You might think tomatoes, peas etc would certainly be an enjoyable dish but maybe not the one you’d be consumed with discussing the next day and yeah, yeah – you’d be so wrong. Really wrong. Salade de tomatoes et mangetout rafraichis aux fraises is possibly one of the most delightful composed salads I’ve ever eaten. Divine little strawberries scattered with pistachios was almost surreal. The tomatoes were sweet even next to the fruit and all of it is bathed in a deeply flavored tomato sauce. A gorgeous combination of tastes that redefine fresh.

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A companion loved his un-shared Salade de Haricots et Oreilles de Cochon, a white bean salad with crispy pig ear and anchovy, wonderfully light and brimming with subtle flavor.

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I caved on the Asperges au vinaigre de bois, mimolette. I grudgingly extended an invitation. A delightful asparagus with smoked wood vinegar and mimolette. The honeyed deep carmelized flavor of the cheese with that fudgy finish is magic with the smokey vinegar and the green stalks.

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From the Gourmandises section,  we did share what will likely become the signature-don’t-miss-it-all-the-rage plate, but it deserves the glory should it be heralded. Oeuf Norvegien…egg, salmon and a cold artichoke heart with a surprise of chive cream. Bagels and lox – you’re on notice.

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Caille frite, buckwheat fried quail in herb butter and lemon confiture. No bone beyond the leg, as meaty as quail can be, juicy, crisp, greaseless, excellent.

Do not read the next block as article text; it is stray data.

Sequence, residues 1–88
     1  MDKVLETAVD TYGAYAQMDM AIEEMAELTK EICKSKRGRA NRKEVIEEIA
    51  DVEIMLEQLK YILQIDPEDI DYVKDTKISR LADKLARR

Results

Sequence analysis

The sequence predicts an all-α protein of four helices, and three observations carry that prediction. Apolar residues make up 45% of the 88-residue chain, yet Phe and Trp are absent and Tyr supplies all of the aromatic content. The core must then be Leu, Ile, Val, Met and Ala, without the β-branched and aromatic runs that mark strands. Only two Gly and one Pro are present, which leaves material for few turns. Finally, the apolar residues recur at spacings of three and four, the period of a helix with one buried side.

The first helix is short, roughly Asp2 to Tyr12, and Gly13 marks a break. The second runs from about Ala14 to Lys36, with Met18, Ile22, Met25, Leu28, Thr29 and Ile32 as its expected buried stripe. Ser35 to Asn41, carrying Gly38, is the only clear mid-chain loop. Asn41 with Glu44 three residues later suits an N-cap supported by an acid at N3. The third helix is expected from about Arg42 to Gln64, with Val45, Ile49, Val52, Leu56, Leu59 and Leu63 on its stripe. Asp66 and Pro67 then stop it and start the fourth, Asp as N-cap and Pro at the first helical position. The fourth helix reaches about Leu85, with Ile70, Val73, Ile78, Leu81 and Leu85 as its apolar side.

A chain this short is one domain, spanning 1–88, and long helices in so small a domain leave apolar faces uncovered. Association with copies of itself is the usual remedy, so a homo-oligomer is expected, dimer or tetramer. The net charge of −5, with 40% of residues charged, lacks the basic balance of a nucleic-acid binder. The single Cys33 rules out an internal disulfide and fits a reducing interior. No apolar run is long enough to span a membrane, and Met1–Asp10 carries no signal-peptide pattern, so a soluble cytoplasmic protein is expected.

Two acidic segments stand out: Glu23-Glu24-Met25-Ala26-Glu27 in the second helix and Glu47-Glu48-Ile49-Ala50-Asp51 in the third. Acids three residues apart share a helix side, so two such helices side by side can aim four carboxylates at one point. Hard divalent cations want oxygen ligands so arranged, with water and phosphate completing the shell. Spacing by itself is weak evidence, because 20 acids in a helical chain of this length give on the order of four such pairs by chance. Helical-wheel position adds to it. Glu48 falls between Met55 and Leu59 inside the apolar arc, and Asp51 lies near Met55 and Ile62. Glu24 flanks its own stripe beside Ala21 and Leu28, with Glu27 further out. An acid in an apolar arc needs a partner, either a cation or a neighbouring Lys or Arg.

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Quenelle de brochet, sauce américaine should live on an exalted list of quenelles you need to know. Pike quenelle with lobster sauce, ethereal, barely tethered to this earth in a deep, rich stock of shells and dressed with a piece of perfectly cooked claw meat. There’s not a lot of zest here, like most of the dishes, it’s not loud but clearly redolent of lobster flavor. Its delicacy also seems to be its strength.

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My best of list lengthens with each arrival from the menu, to be fair, a combination of two visits. Fleurs de courgette farcies were new to me, or I had just missed them on an earlier menu perhaps – don’t make the same mistake. Lobster stuffed squash blossoms with yogurt, mint, dill and cucumber. I could just look at them and be satisfied, very much eating with the eyes…but then you make that delicate cut and the heavens pour forth.

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Canard et Cerises, served with cherries and olives, the duck breast was lovely, a gorgeous preparation accompanied by an excellent seared foie gras.

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The Bourride with halibut, Santa Barbara spot prawn, mussels, and clams in an ethereal fish fumet was mine all mine. Served in a glistening copper pot, ladled at table, it’s delicate yet rich, a warmth that reaches down to your toes. This fumet is meant for worship. Plus you get to dip in fabulous toast with aioli for that understated zing.